Monday, October 12, 2009

Attacking Third Street Limpers

Of the board games, Seven-Card Stud High-Low (Stud-Eight) attracts the most Third Street limpers. By "limpers," I refer to players who call the bring-in bet, rather than raise to the complete bet allowed by the limit. I am not referring to callers of a completed bet.

Limping is rarely seen in Razz because there is no reason not to show aggression with an exposed low-card. The hole-cards are almost immaterial in the early part of a Razz hand. In Stud-high, limping is seen, but it is generally regarded as a weak play. Even if a starting hand is marginal, aggression should be used early on to force the other players to define their hands.

But, in Stud-Eight, there are certain types of hands in which it is advantageous to entice a large number of competitors, rather than drive opponents out. The ideal situation is a low hand versus two or more high hands. In that situation, the low-hand can jam the others while being assured of half the pot.

As a result, it is common to see many players with three low-cards limping, in the hope that they can pick up a fourth low-card cheaply, and see if the hand develops into the only viable low. Many of these players will make a quick exit if their fourth cards are high.

Of course in poker, any player showing a predictable pattern should be a target. The question is what is the best way to get an edge? Should you attack or limp-in yourself? Here is a mathematical analysis of a typical scenario.


  •  $1-2 Stud-Eight game with a $0.20 ante and $0.25 bring-in. (These limit values are computationally convenient because they scale easily to higher and lower limit games.)
  • You act near the end, and after one player, who has limped-in.
  •  That player has demonstrated a pattern of limping with three low-cards, and only continuing in the event of making a low-pair or low-draw on Fourth Street.
  • The bring-in folds in response to a completion.

Scenario 1: Full table with eight players making antes.

Suppose you attack the limper with a complete bet while holding three low-cards; the bring-in folds and the limper calls. The pot size is the $1.60 in antes, plus the $0.25 bring-in, plus the $2 in bets, for a total of $3.85. You have bet $1 for a chance to win the $2.85 on the table uncontested if your opponent's next card is high. The pot is paying 2.85 to 1. What is your chance of succeeding?

The deck contains 32 low cards and 20 high cards. The minimum number of low cards in play is 7. There are three low-cards in your hand, three for the limper, and the bring-in must have had one low-card exposed to be the bring-in. (If not you or the limper would be the bring-in, because you each have three low-cards.)Your worse case scenario is that the five hands that mucked on Third Street, all had door-cards that were high. That means, that if we total the known and unknown cards, there are 25 low-cards that are unknown, and15 high-cards that are unknown. The chances that an unknown card will be high are 15 out of 40, or 37.5%. That means, the odds against this play succeeding are 1.67 to 1. Because the pot pays 2.85 to 1, the play has a positive expectation. It cost $8 to make this play 8 times, but it brings back $3.85 three times out of eight, for a total of $11.55. We expect to receive back about $1.44 for every $1 invested. The expected value (E. V.) of the bet is $0.44.The edge increases if more low cards are exposed in the five mucked hands.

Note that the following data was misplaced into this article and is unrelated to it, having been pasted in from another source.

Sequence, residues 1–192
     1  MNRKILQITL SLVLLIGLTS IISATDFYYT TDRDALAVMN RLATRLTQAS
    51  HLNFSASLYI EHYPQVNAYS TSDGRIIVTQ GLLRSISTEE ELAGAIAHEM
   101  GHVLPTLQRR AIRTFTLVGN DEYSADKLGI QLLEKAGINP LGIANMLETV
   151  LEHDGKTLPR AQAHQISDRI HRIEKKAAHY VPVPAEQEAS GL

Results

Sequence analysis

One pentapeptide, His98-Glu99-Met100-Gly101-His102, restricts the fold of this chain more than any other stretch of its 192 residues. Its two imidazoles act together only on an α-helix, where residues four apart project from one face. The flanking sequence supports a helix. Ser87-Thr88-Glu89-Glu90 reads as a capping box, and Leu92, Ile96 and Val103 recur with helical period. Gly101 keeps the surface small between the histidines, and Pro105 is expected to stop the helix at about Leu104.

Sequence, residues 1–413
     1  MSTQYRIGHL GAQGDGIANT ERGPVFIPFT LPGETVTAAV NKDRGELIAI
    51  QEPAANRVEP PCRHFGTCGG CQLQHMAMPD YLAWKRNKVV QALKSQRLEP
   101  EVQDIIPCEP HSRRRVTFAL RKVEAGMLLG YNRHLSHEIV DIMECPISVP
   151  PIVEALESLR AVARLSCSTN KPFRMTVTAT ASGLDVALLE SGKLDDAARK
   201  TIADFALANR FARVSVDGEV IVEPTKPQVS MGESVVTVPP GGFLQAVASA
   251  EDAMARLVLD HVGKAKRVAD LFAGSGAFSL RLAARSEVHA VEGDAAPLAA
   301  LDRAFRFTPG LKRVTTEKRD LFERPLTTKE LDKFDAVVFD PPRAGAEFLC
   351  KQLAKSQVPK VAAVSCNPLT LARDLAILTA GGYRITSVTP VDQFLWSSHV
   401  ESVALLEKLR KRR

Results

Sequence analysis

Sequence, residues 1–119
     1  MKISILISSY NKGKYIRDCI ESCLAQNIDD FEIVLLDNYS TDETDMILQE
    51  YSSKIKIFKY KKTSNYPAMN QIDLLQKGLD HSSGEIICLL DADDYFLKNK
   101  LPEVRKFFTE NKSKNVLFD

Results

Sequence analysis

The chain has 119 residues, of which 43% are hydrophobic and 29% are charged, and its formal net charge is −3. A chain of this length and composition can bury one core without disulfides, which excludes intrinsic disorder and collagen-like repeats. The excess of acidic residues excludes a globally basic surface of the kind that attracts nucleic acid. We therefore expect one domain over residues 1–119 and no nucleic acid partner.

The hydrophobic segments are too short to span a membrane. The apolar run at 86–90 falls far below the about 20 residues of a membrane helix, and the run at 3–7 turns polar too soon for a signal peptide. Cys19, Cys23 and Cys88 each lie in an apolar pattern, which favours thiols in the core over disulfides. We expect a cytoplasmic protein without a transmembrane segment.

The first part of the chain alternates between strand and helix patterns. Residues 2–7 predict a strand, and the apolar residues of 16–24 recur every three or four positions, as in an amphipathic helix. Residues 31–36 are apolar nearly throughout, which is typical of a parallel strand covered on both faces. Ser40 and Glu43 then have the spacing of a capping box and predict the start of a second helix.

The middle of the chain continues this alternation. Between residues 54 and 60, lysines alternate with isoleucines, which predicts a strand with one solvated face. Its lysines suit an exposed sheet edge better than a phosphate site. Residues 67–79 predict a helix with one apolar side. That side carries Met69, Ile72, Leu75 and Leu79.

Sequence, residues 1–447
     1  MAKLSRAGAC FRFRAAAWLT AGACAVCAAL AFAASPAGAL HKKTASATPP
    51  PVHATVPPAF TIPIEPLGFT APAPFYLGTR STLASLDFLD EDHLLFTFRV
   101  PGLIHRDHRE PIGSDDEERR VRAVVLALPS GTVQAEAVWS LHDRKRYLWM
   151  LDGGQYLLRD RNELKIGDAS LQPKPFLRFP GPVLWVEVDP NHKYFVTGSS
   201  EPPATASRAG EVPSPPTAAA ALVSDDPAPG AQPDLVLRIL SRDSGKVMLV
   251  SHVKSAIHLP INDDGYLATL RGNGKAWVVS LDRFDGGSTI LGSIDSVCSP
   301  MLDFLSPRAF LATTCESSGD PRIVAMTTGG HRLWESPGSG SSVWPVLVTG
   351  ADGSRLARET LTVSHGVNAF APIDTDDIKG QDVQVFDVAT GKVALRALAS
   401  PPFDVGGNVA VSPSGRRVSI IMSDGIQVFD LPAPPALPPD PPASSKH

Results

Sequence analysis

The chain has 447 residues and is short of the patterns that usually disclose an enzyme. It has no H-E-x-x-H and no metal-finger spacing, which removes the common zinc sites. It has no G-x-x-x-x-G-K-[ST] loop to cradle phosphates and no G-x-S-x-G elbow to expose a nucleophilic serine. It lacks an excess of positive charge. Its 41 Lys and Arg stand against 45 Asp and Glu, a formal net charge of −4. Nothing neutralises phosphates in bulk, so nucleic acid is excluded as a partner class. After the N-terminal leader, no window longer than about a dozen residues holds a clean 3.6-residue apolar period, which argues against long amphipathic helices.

No. Low-Cards Mucked
Fraction High-Cards Remaining (%)
Odds Against High-Card
E. V.
That means that in the ideal situation of five mucked low-cards, the locations of 12 of the 32 low-cards are known. Because no high-cards are visible, we are getting coin-flip chances on an outcome that pays 2.85 to 1. That is a significant edge.

Scenario 2: Three-player game.

Interestingly, the edge does not go away if the game becomes shorthanded, even though the sum of the antes at stake is smaller. For example, a three-player game would have $1 less in antes in the pot. You would now be wagering $1 to win $1.85. The pot is now paying 1.8 to 1. We still know about the 7 low-cards, but have no information on the high cards. There are now 45 unknown cards. The chances of the play succeeding are 20/45 or 44.4% or 1.25 to 1 odds. In other words, 4 out of 9 times the limper will be hit with a high-card and fold immediately to a Fourth Street bet. You spend $9 making this Third Street-play 9 times, but it wins back 4 times on average, an amount of $2.85, or $11.44 total. You expect to receive back $1.27 for every $1 invested-an E. V. of $0.27.

Of course these calculations assume an idealized situation, in which the bring-in folds, and the limper is completely predictable. Often the bring-in will defend in these situations because he or she has observed the same pattern from the limper. Also, the limper might have a wider range of hands than three low cards. Split or wired-pairs might be included and a quick exit on Fourth Street not planned if he or she has a pair.

But those are all reasons to show aggression and not limp as well. Completing the bet forces the bring-in and the limper to define their hands. If they don't back down on Fourth Street, you will know something is up, and can proceed more cautiously.

In summary, if you see a player exhibiting this pattern, attacking on Third Street will give you an edge. Conversely, if you exhibit the pattern, alert players can gain an edge against your play.

No comments:

Post a Comment